You don’t need a run of 250: Lauren Cardenas assures you.


Tell us a little about yourselves; what makes you tick and what makes your publications tick?

Hello SPEX Team, I am Lauren Cardenas, publisher/printer of Saturday Press and PIECRUST Magazine. To answer the question what makes me tick, I am an artist who has a love for print ephemera. I started out as a printer and branched out with a small press independent magazine called PIECRUST, which later evolved into Saturday Press, which is Limited Artist Editions project that focuses on books and prints. I have always loved artist books and zines, the tactility and the level of intimacy that one has within the palm of their hands. The goal for these projects was to give artists/writers a platform to explore a medium they were unfamiliar with and create something that could be afforded by everyone.

What drew you to creating, publishing, editing and presenting your projects?

When I first started I felt a responsibility to the artists and writers I had invited to participate in PIECRUST to exhibit their work to people. I started with conferences and then moved to small press expos, but then it became about the community that was developed with other Small Press Publishers, learning about them and what they did and how we could support each other. 

What do you think of the relationship between publishing (what you do) and reaching an audience of readers?

I think it is an interesting and valuable relationship to develop. Its the audience that really gets to bond with finished product, but its the publisher who is the facilitator of sorts, nurturing that relationship is really important I think for both the reader and the publisher.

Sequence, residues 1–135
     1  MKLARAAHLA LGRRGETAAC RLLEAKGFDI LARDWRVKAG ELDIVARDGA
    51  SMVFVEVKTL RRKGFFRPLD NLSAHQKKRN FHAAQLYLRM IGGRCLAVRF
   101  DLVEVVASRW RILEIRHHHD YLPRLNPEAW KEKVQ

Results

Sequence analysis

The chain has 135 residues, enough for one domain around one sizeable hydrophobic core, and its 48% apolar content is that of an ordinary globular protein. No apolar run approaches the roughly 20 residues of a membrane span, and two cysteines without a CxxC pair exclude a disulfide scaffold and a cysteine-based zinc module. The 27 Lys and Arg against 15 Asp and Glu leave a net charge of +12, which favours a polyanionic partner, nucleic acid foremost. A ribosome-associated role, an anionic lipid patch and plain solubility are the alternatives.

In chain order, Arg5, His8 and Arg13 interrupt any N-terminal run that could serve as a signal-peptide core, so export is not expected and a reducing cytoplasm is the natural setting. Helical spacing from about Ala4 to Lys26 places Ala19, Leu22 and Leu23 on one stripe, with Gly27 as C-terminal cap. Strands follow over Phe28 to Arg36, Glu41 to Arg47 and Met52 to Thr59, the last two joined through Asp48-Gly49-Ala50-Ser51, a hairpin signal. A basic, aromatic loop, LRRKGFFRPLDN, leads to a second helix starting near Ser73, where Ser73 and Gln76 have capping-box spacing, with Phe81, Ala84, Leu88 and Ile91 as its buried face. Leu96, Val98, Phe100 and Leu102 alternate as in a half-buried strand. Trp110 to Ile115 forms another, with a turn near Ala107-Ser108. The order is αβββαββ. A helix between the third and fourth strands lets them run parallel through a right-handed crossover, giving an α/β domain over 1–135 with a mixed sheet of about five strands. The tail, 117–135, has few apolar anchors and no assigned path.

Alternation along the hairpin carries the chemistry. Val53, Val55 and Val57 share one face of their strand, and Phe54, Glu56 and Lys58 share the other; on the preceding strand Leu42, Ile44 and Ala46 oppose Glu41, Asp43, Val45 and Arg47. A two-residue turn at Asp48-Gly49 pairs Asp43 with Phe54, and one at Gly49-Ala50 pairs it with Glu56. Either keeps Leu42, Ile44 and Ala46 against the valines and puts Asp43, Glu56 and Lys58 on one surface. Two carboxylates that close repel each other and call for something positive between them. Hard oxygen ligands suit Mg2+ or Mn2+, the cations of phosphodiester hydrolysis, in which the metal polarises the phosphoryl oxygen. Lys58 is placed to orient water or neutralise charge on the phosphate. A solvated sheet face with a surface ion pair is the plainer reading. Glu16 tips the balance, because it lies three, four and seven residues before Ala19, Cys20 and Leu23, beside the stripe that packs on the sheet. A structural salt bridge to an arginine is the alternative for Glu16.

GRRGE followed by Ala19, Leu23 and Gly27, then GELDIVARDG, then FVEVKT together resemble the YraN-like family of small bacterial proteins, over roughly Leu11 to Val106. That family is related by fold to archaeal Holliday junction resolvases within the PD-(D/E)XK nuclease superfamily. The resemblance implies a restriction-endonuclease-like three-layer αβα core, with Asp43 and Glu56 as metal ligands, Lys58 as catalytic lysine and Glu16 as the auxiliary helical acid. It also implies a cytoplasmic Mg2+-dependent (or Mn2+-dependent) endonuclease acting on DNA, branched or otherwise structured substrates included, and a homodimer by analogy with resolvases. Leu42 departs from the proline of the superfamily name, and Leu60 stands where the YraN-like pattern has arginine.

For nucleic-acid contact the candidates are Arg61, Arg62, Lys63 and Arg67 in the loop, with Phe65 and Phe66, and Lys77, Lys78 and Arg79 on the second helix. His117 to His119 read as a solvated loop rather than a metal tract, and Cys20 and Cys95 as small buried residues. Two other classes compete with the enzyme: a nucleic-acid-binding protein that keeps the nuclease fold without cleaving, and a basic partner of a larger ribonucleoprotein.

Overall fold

Can you tell us about your creative, editorial, and collaborative process?

This process differs from project to project, if it is an artist book that I creating, most of the time it relates back to specific themes in my work and I get inspired. When it comes to collaboration, I prefer that these processes happen organically between myself and whoever I am collaborating with.

How did you get into working with small press publishing?

It started when I was in graduate school, my best friend and I decided to start an art and literary magazine (PIECRUST) that would have a craft element to it. It was a real learning process for the both of us, but it was so much fun and rewarding.

What advice would you give to someone starting a small press or publishing project?

Be patient and ask for help. You don’t have to do it by yourself and there are plenty of people out there that are willing to mentor or answer questions.

How long have you been at it (by “it” I mean publishing)?

In 2011 PIECRUST magazine launched, so I guess about 6 years. 

What would you have told your younger self about what you are doing? and What do you hope your older self might tell the you of today?

I probably would have told my younger self “You really don’t need to do a run of 250 for your first issue. Also good choice of not doing a quarterly.” I think my future older self would tell me “ You still have time to do whatever you want, don’t think there is a limit.”

Other than your own projects, what are some other presses and publications that inspire you to keep reading and supporting the small press community?

So I have a strong bias for the STL SPEX team publishers, I think they all make incredibly beautiful poignant work that inspires me daily. Other presses that I love: ViceVersa Press, Pioneer Press, Work/Play, The Fort Gondo Poetry Series, Skin and Bone, Vagina Magazine. 

Anything else you want to say?

Thanks for letting me ramble, I look forward to going to the this years STL SPEX Expo. 



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